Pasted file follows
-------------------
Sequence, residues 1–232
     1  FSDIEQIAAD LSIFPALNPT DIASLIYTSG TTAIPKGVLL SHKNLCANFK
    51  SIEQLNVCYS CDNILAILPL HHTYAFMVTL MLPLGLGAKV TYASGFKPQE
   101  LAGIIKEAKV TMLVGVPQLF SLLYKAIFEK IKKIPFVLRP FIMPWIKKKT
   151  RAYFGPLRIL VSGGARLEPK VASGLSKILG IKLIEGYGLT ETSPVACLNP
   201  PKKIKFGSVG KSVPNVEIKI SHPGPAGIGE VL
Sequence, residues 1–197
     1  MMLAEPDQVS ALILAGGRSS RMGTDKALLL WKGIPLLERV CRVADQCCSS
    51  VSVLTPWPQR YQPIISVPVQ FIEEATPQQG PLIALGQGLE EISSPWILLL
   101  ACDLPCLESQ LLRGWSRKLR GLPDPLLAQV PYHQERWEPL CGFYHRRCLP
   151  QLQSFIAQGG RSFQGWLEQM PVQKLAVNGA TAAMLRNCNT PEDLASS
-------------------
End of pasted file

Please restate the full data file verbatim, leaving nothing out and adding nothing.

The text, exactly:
Sequence, residues 1–232
     1  FSDIEQIAAD LSIFPALNPT DIASLIYTSG TTAIPKGVLL SHKNLCANFK
    51  SIEQLNVCYS CDNILAILPL HHTYAFMVTL MLPLGLGAKV TYASGFKPQE
   101  LAGIIKEAKV TMLVGVPQLF SLLYKAIFEK IKKIPFVLRP FIMPWIKKKT
   151  RAYFGPLRIL VSGGARLEPK VASGLSKILG IKLIEGYGLT ETSPVACLNP
   201  PKKIKFGSVG KSVPNVEIKI SHPGPAGIGE VL
Sequence, residues 1–197
     1  MMLAEPDQVS ALILAGGRSS RMGTDKALLL WKGIPLLERV CRVADQCCSS
    51  VSVLTPWPQR YQPIISVPVQ FIEEATPQQG PLIALGQGLE EISSPWILLL
   101  ACDLPCLESQ LLRGWSRKLR GLPDPLLAQV PYHQERWEPL CGFYHRRCLP
   151  QLQSFIAQGG RSFQGWLEQM PVQKLAVNGA TAAMLRNCNT PEDLASS